Sun, Aug 31, 2014 - Page 12 News List

Ai Weiwei prepares for show at a distance

The artist remains under house arrest in Beijing, but he’s using a 3D computer model to direct installation of his largest UK exhibition to date

By Maev Kennedy  /  The Guardian

This image provided by the Blenheim Art Foundation shows the exterior of Blenheim Palace, site of an upcoming exhibition featuring Chinese contemporary artist Ai Weiwei.

Photo courtesy of the Blenheim Art Foundation

The artist Ai Weiwei (艾未未), confined to his house and studio in Beijing, his passport confiscated by the state, has been roaming the corridors and state rooms of Blenheim Palace, one of the grandest houses in southern England, through a 3D computer model.

He has never set foot in the gigantic home of the Duke of Marlborough, but is preparing to install the largest exhibition to date of his work in the UK. When it opens on Oct. 1, more than 50 new and archive works will sit among the Van Dyck portraits of Churchill ancestors and tapestries of battles fought and won 300 years ago.

“In the beginning, we sent him photographs and detailed plans, but he’s an absolute perfectionist and every inch of where works are placed matters to him. So in the end we lasered all the rooms to make the model for him,” Lord Edward Spencer-Churchill said.

“We still hope he may be able to come himself, that would be the greatest blessing for this exhibition,” said Michael Frahm, director of Spencer-Churchill’s newly founded Blenheim Art Foundation, which, following the example of other grand country estates, has ambitious plans for major contemporary art exhibitions at the palace. Danish-born Frahm visited the artist several times in Beijing, bringing him a goody bag from the Blenheim gift shop as an extra inducement.

“We both think Ai Weiwei is one of the greatest artists working today, whose work is embraced by a wide variety of people on many different levels, but who also has something really important to say about freedom of speech and personal liberty,” said Spencer-Churchill, who is the eldest surviving son of the third of the present duke’s four marriages.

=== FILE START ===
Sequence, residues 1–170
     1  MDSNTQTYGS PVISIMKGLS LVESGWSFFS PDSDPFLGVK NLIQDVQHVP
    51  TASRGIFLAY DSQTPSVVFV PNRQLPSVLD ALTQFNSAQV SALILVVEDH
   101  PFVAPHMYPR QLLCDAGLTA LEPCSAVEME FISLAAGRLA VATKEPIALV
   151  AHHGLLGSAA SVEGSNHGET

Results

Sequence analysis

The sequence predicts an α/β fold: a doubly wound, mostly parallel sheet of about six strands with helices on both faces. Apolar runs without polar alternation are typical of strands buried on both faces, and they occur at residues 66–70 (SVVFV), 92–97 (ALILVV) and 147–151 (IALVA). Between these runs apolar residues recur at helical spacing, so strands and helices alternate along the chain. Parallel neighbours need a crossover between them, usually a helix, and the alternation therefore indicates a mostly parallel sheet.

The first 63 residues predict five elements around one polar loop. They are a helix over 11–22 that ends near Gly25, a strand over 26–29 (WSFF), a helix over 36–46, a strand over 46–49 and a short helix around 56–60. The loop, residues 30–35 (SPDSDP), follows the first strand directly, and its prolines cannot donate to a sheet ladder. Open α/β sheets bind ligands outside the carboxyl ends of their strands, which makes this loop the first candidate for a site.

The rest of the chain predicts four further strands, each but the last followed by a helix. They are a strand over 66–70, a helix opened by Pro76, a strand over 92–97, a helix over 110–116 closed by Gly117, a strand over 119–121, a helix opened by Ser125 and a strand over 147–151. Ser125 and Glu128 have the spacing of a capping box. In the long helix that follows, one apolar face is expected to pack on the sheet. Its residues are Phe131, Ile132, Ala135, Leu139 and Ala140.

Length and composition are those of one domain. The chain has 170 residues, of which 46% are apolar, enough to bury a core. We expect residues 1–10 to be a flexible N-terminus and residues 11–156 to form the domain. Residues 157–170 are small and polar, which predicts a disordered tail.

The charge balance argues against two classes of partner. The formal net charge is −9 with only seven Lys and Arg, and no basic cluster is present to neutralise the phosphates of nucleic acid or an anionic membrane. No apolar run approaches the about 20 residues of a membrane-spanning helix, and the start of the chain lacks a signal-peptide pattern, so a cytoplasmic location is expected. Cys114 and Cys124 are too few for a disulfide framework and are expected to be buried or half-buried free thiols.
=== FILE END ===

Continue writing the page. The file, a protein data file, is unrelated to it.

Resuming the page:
FIRST LOOK

Many of the works make subtle reference to Ai’s situation. A towering cabinet will be emptied of spectacular Meissen porcelain — reputedly swapped by a Churchill ancestor for a pack of hunting dogs — to hold plates being hand-painted with the artist’s “freedom flowers.” Frahm witnessed how every morning Weiwei puts a flower into the basket of the bicycle in his yard, which he will continue until he is free again to ride it out through the gates.

A brilliantly colored mob of 2,300 porcelain river crabs, which will fill one of the grandest state rooms, relates to the party he threw for hundreds of guests, with the crabs the main delicacy at the feast, before the government destroyed his studio in Shanghai.

The palace, designed by Sir John Vanbrugh in 1705, and later landscaped by Capability Brown, is a stupendous building covering seven acres, and has been a UNESCO World Heritage site since 1987. One of its most celebrated spaces is the staggering library, 55m long, which holds the largest pipe organ in any private house in Europe, a giant marble statue of Queen Anne, an array of ducal coronets and ermine-trimmed robes, and, soon, pieces including a hand-carved marble model of one of the security cameras that watch the artist’s every move.

A new carpet piece, Soft Ground, is being woven specially for the echoing double height great hall, Spencer-Churchill’s favorite room. “Blows me away every time,” he said cheerfully.

The golden heads of zodiac animals, a reference to a famous set that decorated a fountain in an imperial palace outside Beijing until they were looted by Anglo-French troops during the opium wars, will stand keeping watch in the enormous dining room, which is still used by the family on grand occasions. Since Ai first drew attention to them, many of the originals have been returned to China by wealthy collectors, including two which resurfaced at the auction of the collection of the late designer Yves Saint Laurent.

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